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Shingles is caused by the same virus that causes chickenpox. After an attack of chickenpox, the virus remains in the tissues in your nerves. As you get older, or if you have an illness or stress that weakens your immune system, the virus may reappear in the form of shingles.
You may first have a headache, flu-like symptoms (usually without a fever), and sensitivity to light, followed by itching, tingling, or pain in the area where a rash may develop. The pain usually occurs several days or weeks before a rash appears on the left or right side of your body. The rash will be in a band, a strip, or a small area. In 3 to 5 days, the rash turns into fluid-filled blisters that ooze and crust over. The rash heals in about 2 to 4 weeks, although you may have long-lasting scars. A few people won't get a rash, or the rash will be mild.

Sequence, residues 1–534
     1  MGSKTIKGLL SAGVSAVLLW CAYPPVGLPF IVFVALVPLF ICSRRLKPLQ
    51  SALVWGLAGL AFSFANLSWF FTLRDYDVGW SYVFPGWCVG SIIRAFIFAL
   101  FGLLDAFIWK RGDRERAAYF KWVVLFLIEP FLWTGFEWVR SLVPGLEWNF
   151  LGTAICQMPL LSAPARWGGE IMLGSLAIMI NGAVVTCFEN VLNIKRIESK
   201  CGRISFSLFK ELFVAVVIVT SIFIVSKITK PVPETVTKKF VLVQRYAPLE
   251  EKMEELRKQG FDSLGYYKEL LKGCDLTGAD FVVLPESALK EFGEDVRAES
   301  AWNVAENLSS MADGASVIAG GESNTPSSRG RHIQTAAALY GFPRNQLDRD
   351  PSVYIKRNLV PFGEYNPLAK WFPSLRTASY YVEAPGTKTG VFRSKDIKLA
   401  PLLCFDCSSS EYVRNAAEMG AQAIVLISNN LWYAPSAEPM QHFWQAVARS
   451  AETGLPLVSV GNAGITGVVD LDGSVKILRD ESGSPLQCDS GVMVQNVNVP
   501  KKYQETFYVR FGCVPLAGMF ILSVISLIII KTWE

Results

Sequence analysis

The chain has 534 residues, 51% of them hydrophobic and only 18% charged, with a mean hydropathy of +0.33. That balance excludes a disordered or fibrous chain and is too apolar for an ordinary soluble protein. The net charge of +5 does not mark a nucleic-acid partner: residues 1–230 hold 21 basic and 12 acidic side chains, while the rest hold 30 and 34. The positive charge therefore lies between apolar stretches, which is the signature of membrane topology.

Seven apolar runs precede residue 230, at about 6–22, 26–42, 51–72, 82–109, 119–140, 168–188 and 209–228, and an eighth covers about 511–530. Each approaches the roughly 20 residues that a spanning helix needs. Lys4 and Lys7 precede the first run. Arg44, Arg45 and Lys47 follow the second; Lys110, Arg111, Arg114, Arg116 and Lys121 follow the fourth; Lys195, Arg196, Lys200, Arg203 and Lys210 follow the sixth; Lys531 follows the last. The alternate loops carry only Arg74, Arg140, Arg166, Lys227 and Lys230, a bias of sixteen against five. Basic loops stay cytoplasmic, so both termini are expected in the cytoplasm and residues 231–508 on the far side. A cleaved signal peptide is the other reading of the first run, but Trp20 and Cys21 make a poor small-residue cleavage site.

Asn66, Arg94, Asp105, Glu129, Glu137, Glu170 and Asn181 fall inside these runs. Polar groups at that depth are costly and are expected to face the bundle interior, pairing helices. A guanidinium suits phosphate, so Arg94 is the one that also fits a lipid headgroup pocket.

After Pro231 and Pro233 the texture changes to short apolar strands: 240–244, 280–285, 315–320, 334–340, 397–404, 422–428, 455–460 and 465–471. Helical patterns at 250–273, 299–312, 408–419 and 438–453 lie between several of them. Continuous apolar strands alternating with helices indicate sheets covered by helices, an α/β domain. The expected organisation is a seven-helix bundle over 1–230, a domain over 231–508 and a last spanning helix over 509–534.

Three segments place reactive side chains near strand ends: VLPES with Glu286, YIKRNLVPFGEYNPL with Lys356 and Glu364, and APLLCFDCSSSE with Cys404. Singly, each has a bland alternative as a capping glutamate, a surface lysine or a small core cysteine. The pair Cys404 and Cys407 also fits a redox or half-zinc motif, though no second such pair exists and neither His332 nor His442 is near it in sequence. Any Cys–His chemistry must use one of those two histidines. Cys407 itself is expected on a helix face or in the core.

Most people who get shingles will not get the disease again.
Complications of shingles
Delaying or not getting medical treatment may increase your risk for complications. Complications of shingles include:
eMedicineHealth Medical Reference from Healthwise
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